When you hear from a trusted source that something is going to happen, it’s probably best to assume that it’s got a better than 50:50 chance of being accurate. A few days ago, I was told to ignore all of the Di Canio hype, and that it was all smoke and mirrors to disguise the real target for the Reading managerial position, Gustavo Poyet. Of course, you get swayed by the press and with no talk of the Uruguayan, it led me to dismiss the tip. So, having written my article, as the operators of this site can confirm, I then pulled it, not wanting to look like a fool. As Poyet is now odds on with the bookies to take the hot seat at the Berkshire club, I accept my mistake.
Poyet came to England as one of the early Hoddle purchases for Chelsea, and soon struck up a strong ‘little and large’ relationship with the diminutive Sardinian Gianfranco Zola, as they combined to form part of the potent spearhead of the Blues in pre-Abramovich days. Earning a reputation as a combative and yet creative midfielder with an eye for goal and outstanding aerial ability, the Uruguayan picked up a trophy or three in his days at Stamford Bridge. Later shipped on to Spurs, Poyet maintained the steady midfield goal-scoring form of his earlier career before leaving in 2004. Perhaps never widely recognized as a stand out ‘manager in waiting’ during his career, it’s worth noting that Zola consistently acclaimed him – and did so a few weeks ago - as being tactically astute and an excellent motivator. He also served his apprenticeship as assistant to Dennis Wise, first at Swindon Town, and then Leeds United, prior to a spell under Juande Ramos at Spurs, before striking out on his own at Brighton.
So what would Reading be getting if they appointed the Uruguayan? Well, there’s a certain style to Poyet’s approach to the game. After taking over at Brighton in 2009, and eschewing the caricature of a South American obdurate defensive format, Poyet built on the Spanish ethos, learnt during his seven year period as a player at Real Zaragoza, of possession and passing. Not quite Barcelona style, but certainly with a nod towards that ethos. This, coupled with astute purchases in the transfer market, through use of his contacts with the Iberian game, leant a very ‘easy on the eye’ appreciation of his team. Without outlandish spending, Poyet built a squad that had the Seagulls promoted as Champions of League One in 2011. He was also crowned League One Manager of the Year in the same period. The same squad, with as few tweaks immediately challenged for promotion to the Premier league, before falling away. The question then arises as to why he would want to leave Brighton to move to the Berkshire club, apparently in a tailspin towards relegation. The answer may lie in the fact that sometimes, there’s a limit to what you can achieve at any given club.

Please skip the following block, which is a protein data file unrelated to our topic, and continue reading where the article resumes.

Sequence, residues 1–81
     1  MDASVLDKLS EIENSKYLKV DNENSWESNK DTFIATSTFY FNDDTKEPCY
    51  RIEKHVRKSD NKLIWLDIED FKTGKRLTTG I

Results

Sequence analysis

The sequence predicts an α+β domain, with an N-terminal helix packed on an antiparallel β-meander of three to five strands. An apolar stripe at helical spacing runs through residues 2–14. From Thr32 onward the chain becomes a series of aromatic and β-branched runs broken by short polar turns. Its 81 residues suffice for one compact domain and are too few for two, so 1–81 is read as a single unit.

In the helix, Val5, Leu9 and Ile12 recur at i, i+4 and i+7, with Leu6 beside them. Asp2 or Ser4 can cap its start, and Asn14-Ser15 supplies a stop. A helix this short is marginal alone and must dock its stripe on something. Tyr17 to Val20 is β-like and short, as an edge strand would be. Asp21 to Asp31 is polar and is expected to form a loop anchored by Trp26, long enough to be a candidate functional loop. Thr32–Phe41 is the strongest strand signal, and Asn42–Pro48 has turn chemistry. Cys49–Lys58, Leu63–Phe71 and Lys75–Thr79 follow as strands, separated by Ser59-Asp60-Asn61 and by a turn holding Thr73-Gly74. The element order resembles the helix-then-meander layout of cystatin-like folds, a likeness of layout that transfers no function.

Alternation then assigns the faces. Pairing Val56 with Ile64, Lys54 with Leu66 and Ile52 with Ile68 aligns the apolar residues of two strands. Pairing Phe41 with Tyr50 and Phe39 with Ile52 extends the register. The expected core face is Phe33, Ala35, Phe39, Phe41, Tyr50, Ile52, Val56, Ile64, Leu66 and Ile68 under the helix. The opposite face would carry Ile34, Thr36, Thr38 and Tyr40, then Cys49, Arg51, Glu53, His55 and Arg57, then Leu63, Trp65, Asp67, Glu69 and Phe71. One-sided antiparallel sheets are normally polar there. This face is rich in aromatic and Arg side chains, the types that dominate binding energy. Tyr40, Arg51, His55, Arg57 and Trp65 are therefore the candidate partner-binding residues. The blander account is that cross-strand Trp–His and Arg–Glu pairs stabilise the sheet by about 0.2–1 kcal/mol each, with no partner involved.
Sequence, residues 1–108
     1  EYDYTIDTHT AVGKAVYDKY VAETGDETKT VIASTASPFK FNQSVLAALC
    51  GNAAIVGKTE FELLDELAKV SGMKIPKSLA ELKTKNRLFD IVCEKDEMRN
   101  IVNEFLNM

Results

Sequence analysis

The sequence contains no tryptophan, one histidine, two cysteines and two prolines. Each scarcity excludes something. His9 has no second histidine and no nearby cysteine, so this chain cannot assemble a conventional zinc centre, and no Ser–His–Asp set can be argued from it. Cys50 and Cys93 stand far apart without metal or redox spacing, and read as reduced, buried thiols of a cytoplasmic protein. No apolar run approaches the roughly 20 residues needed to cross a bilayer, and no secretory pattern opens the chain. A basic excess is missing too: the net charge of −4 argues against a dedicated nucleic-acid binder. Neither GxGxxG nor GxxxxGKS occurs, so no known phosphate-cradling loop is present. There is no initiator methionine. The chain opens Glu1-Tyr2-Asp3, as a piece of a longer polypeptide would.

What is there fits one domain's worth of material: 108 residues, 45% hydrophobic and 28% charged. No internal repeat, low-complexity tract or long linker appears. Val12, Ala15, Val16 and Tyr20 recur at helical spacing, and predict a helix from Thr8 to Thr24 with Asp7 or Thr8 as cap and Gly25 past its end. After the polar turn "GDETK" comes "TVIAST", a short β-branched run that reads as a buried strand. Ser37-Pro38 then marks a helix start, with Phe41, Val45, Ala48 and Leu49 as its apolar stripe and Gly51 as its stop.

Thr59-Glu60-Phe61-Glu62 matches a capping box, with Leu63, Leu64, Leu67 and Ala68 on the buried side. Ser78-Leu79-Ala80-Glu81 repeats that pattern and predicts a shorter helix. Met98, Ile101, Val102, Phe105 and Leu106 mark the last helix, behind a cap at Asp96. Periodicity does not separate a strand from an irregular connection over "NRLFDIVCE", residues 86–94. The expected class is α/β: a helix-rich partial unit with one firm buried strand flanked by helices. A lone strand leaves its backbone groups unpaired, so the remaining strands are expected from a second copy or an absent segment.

Of course it’s true that, if he is appointed to the Reading hot seat, unless Poyet performs a minor, well actually major, miracle pretty quickly, Reading may well kick off next season in the same league as his current club. That’s all true of course. What the Berkshire club will have however is a Premier League set up and the much-heralded ‘parachute payments’ for a couple of seasons, meaning the chances of getting promoted again will be much higher than with the Seagulls.
A bit like information about potential hot seat appointments, opportunities to move on up the managerial ladder don’t present themselves very often, so don’t be surprised if the news breaks over the next couple of days or so that Gus Poyet is the new Reading manager. I only wish that I could say that you heard it from me first. I should be able to, but can’t. Hey, that’s football, next time I’ll trust my sources and go with what I’m told. Then I’ll be able to say that you heard it here first.